Boston Brown Bread

Boston Brown Bread
4.5 from 2 ratings
Boston brown bread is a regional specialty that's traditionally steamed or baked in a can, the rings leaving an impression on the loaves. A liberal coating of butter helps the bread slide out easily. Alex Roman, head bread baker at Chicago's Floriole Cafe and Bakery, says it's best when cut in thick slices. "From what I know, (it was) created by colonial New Englanders, with rye and cornmeal because they were preserving their reserves of other flours," says Roman. "They steamed it because, without ovens, they cooked in open fires."This recipe is adapted from Floriole Cafe and Bakery in Chicago, Illinois. It was originally published in the Chicago Tribune.
Prep Time
Cook Time
Boston Brown Bread recipe - The Daily Meal
Total time: 1.07 hours
  • 3 tablespoon soft butter, for buttering the cans
  • 1 3/4 cups (200 grams) fine white cornmeal
  • 2 1/4 cup (285 grams) whole rye flour
  • 2 cup (285 grams) whole wheat flour
  • 2 1/2 teaspoon kosher salt
  • 3 teaspoon baking powder
  • 2 1/2 teaspoon baking soda
  • 2 1/2 cup buttermilk
  • 2 3/4 cup blackstrap molasses
  • 5 eggs
  1. Heat oven to 325 F. Using a pastry brush, butter 4 cans with 3 tablespoons softened butter.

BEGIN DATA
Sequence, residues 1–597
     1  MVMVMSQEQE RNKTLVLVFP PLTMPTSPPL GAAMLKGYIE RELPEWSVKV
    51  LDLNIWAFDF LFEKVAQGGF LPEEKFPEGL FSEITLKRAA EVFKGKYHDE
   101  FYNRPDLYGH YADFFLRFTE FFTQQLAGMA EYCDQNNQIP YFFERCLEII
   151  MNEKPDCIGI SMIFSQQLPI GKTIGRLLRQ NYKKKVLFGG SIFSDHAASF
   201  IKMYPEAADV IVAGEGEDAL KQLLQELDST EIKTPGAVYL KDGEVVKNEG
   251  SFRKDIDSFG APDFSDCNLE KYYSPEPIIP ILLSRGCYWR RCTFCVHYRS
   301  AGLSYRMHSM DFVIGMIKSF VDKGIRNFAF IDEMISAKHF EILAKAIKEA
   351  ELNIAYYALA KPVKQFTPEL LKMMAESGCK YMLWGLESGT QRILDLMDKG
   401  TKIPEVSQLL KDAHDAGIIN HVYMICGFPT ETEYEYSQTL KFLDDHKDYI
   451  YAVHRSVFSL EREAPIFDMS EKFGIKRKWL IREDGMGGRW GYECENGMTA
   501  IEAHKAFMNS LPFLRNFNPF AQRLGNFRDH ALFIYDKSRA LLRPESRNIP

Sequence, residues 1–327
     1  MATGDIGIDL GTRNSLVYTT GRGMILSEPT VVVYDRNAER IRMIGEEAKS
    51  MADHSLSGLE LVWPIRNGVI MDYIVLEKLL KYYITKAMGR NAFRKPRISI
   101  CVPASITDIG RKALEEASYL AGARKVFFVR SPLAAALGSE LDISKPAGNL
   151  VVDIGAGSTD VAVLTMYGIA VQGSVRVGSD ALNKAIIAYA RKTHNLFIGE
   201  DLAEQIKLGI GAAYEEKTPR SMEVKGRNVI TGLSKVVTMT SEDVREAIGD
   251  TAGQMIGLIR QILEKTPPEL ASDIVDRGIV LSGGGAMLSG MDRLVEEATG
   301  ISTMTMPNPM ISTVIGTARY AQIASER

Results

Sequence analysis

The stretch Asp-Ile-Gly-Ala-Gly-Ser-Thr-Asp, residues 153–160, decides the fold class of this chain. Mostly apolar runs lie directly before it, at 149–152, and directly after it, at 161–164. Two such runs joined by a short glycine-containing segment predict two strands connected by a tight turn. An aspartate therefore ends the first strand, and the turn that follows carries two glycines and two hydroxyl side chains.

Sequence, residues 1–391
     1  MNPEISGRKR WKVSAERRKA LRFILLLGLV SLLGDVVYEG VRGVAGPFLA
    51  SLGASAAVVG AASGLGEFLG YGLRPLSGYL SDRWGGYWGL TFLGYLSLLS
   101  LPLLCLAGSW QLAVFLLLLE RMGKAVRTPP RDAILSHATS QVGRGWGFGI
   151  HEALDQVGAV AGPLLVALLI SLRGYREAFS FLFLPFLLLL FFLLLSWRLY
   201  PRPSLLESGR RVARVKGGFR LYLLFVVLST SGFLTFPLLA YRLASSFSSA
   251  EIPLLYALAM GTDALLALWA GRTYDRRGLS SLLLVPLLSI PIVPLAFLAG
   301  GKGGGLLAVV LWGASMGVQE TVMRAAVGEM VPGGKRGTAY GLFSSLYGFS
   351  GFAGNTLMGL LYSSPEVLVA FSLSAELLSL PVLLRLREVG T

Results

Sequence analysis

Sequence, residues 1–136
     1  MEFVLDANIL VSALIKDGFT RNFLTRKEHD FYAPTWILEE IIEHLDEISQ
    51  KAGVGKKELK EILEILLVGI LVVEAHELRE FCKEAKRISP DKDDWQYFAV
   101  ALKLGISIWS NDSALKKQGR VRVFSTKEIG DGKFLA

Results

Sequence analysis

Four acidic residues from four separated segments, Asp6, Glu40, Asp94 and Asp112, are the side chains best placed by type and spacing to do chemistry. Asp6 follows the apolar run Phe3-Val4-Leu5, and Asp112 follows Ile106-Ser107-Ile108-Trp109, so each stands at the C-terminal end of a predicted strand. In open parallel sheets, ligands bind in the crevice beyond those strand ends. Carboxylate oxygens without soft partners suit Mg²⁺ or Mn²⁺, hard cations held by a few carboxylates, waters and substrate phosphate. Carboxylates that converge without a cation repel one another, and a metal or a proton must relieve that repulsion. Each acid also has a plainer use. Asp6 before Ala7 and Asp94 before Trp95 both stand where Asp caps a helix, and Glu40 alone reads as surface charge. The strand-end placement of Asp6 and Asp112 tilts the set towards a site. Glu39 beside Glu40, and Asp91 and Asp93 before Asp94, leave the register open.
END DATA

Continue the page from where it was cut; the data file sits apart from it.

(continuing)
2. In a bowl, combine 1 3/4 cups (200 grams) fine white cornmeal, 2 1/4 cups (285 grams) whole rye flour, 2 cups (285 grams) whole wheat flour, 2 1/2 teaspoons kosher salt, 3 teaspoons baking powder and 2 1/2 teaspoons baking soda. Whisk to combine.
  3. In another bowl, combine 2 1/2 cups buttermilk, 2 3/4 cups blackstrap molasses and 5 eggs. Whisk to combine.
  4. Add the dry ingredients to the wet; mix until just incorporated. Be careful not to over-mix, the mixture should be the consistency of a thick pancake batter.
  5. Evenly distribute the batter among the 4 cans (about 3/4 full for each can); slam the cans onto the table to level the batter.
  6. Transfer the tins onto a rimmed baking sheet. (The baking sheet is used to keep you from having to deep clean your oven if the batter should overflow.)
  7. Bake for 20 minutes; rotate pan, then bake for another 20 minutes. Test the bread by inserting a cake tester, or a long wooden skewer down the center of the bread; it should come out clean. If not, bake 5 to 10 minutes more.
  8. Remove cans from the oven; allow to cool for 10 minutes. Run a butter knife around the edges of the breads; slide the loaves from the cans. Cool completely.